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“At least some of these 100-plus cases [over the past four years] must have been resolved by now,” Hirsch said.
Hirsch, who said he regularly monitored new registrations of convicted sex abusers for heavily Orthodox Brooklyn neighborhoods asked, “Why haven’t we seen a marked increase in Orthodox perpetrators registered as sex offenders? Without public notice identifying dangerous predators, parents are unable to protect their children.”
He added, “We deserve public notice of the arrest and conviction of Orthodox sex offenders, not culturally sensitive policies that keep these cases from the public, thereby placing children in danger.”
The difficulties the Forward has had verifying the D.A.’s claims are reminiscent of issues that arose two years ago, when the D.A. claimed 26 child sexual abuse arrests in the Orthodox community between 2007 and 2009.
In October 2009, the Forward requested those arrest details from the D.A.’s office. It received a list of 26 cases, including charges, but without names and with a note that said, “There are a few cases which involve adult female victims.”
Last year, the Forward submitted a Freedom of Information Law request to see the names of the 26 men.
The Forward’s request was denied, as was a subsequent appeal. One of the reasons the D.A.’s office gave, in March 2010, was that the list had been compiled so long ago, without names or indictment numbers, that it would be “impossible to discern” the cases that were listed.
If the latest figure of 89 arrests during the past two years is correct, it would appear to suggest that the ultra-Orthodox community’s wall of silence has been breached once and for all.
Survivors and their advocates cautiously welcomed the figure. But they suggested that an increase in arrests may have as much — if not more — to do with grassroots pressure from within the community than from the D.A.’s work.
Luzer Twersky, who claims he was abused by a rabbi from the age of 9 until he was 12, said the D.A. has little influence within the Orthodox world.
“Everything is done in a Hasidic way,” Twersky said, referring to what he described as the community’s preference to handle matters internally and, occasionally, to pay victims for their silence.
In Twersky’s case, he said a threatening telephone call to his father from a prominent rabbi was enough to keep him quiet.
Today, claims abound that communities close ranks and that rabbis stifle abuse allegations.
Agudath Israel of America, the ultra-Orthodox umbrella organization, advised Jews in a recent statement to consult a rabbi before taking their allegations to police.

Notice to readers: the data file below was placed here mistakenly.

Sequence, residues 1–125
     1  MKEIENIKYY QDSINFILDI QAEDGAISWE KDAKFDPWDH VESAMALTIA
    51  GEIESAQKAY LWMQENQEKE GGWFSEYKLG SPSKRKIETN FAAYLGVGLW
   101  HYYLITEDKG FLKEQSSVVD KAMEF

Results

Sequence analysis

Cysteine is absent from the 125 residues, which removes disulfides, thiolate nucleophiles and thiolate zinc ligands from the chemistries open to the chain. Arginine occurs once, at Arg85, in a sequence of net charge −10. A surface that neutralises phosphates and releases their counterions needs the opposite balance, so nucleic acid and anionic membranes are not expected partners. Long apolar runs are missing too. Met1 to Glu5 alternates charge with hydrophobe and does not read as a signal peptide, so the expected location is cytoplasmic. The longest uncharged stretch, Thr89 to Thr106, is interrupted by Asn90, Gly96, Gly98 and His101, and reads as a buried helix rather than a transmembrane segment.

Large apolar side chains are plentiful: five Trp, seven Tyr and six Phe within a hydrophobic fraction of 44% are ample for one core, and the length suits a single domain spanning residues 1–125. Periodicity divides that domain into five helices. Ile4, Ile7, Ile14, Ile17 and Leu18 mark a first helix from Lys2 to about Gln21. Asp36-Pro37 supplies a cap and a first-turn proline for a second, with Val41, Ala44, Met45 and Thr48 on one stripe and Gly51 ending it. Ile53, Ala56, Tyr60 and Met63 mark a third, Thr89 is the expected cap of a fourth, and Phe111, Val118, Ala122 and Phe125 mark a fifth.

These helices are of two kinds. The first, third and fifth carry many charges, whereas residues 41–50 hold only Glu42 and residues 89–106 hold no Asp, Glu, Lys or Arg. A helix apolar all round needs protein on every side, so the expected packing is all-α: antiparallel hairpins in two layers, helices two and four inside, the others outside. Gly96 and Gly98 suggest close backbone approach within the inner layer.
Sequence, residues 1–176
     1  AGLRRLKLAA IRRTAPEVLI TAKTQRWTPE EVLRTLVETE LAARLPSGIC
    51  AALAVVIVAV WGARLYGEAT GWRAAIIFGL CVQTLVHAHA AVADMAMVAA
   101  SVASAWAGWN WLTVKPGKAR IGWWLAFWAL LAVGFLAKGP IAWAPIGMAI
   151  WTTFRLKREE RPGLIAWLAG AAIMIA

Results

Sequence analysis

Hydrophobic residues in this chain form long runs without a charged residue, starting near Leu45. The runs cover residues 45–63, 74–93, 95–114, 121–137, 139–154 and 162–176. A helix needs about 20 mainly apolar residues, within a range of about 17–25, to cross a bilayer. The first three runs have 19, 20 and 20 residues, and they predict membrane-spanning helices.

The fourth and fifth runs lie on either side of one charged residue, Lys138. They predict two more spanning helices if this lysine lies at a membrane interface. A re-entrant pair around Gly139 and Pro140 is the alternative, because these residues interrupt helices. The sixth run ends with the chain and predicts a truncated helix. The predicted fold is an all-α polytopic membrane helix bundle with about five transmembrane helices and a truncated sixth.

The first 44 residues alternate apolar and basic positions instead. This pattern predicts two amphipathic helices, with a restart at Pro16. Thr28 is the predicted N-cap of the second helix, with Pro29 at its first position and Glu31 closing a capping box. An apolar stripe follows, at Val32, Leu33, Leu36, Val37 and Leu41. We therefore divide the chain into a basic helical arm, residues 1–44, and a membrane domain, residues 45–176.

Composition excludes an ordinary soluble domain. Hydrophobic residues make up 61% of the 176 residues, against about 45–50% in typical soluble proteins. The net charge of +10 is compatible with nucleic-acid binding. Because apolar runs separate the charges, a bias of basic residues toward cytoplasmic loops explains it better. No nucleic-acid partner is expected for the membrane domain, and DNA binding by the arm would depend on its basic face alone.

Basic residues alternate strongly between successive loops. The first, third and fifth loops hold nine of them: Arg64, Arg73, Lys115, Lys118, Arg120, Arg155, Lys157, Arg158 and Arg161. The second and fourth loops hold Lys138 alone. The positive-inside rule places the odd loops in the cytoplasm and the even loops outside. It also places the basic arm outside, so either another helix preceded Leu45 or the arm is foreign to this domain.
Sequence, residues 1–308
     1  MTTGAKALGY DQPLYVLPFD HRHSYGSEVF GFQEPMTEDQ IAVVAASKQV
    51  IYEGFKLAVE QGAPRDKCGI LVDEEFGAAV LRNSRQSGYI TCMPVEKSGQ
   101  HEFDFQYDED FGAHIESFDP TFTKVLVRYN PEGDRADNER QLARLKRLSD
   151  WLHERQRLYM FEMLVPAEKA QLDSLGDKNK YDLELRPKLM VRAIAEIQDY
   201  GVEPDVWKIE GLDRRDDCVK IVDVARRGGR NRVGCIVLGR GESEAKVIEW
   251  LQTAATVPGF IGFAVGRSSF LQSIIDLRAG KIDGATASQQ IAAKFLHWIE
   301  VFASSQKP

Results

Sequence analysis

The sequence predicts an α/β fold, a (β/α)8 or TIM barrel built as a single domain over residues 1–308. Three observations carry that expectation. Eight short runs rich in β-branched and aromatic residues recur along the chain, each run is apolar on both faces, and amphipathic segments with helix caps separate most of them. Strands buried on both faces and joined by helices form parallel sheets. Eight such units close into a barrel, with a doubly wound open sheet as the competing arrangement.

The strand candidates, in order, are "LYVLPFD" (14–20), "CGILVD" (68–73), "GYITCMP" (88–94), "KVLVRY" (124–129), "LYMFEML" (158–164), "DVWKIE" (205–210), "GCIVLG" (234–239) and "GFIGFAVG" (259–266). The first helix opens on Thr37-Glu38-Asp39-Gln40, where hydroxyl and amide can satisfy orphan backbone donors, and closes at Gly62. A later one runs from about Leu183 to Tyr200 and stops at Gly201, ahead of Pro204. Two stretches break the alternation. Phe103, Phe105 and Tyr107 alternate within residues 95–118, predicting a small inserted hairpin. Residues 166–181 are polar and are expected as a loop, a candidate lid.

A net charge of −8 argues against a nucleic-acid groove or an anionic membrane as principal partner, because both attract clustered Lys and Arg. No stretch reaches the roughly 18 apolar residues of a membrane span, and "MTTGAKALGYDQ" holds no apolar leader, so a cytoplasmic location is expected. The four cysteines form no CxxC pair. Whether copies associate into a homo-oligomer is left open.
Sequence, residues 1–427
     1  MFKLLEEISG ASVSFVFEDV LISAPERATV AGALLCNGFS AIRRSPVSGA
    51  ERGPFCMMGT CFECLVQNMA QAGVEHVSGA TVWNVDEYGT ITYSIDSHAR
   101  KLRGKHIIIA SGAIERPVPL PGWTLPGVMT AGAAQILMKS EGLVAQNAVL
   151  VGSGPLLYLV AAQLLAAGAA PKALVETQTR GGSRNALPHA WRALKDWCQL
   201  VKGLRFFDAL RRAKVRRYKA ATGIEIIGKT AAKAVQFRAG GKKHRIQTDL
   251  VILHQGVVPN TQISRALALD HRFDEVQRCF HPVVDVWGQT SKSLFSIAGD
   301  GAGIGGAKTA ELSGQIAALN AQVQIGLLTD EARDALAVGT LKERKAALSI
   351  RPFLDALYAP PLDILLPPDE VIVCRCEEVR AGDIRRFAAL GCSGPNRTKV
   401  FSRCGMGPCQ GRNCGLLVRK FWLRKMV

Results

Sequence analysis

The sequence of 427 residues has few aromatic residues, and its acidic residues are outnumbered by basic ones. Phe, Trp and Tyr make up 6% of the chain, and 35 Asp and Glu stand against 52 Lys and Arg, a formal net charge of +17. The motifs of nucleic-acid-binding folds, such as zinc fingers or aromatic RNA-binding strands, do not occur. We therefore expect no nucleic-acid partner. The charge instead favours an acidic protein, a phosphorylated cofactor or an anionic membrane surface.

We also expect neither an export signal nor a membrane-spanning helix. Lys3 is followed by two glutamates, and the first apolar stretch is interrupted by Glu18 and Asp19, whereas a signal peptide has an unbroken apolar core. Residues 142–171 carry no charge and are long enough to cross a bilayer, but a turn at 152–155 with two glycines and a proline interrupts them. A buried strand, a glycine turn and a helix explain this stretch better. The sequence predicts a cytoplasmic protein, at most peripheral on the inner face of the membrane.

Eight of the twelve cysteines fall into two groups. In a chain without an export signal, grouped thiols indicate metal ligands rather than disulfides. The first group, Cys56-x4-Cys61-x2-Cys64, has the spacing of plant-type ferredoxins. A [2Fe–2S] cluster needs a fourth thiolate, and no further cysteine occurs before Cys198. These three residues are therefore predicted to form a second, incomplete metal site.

But in the predominantly Chabad-Lubavitch community of Crown Heights, attitudes appear to be changing.
In July, a Lubavitch religious court issued a ruling that stated unequivocally that families who suspect abuse should inform the police.
“The Beis Din [religious court] has become increasingly aware of severe incidents of child abuse that have occurred recently,” stated the ruling, which was reposted on Crown Heights Watch, an advocacy website.
The Crown Heights religious court said that because many victims had remained silent out of a “fear of stigma” or a fear of violating Jewish law, they had perpetuated “an environment of abuse.” The rabbis insisted that the prohibitions against Jews using secular courts “do not apply in cases where there is evidence of abuse.”
Eli Cohen, executive director of the Crown Heights Jewish Community Council, said the rabbis issued their ruling after they were “consulted by victims in a small number of incidents.”
Cohen said the rabbis “saw the need to go public with their ruling in case there were other victims that they did not know about who were still unsure about reporting abuse to authorities.”
Lani Santo, executive director of Footsteps, a not-for-profit organization that helps people who leave the ultra-Orthodox world, said her organization had noticed that its clients talk about abuse much more openly these days.
Santo said that last year, one-fifth of new Footsteps clients told of an episode of sexual abuse during their first interview with the group.
“People talk about it as a commonplace practice,” Santo said.
But in many cases, by the time a person reaches Footsteps, his or her abuse claim is too old to be prosecuted, Santo said.
Such was the case for Twersky, who is now 26. The statute of limitations has run out for pressing charges against the man he alleges abused him 14 years ago. But in December 2009 the same rabbi was arrested by the Brooklyn DA on charges of molesting another boy.
“He went on doing what he did for 15 years, with no one getting in his way, because he is the son of a very, very powerful man,” Twersky said.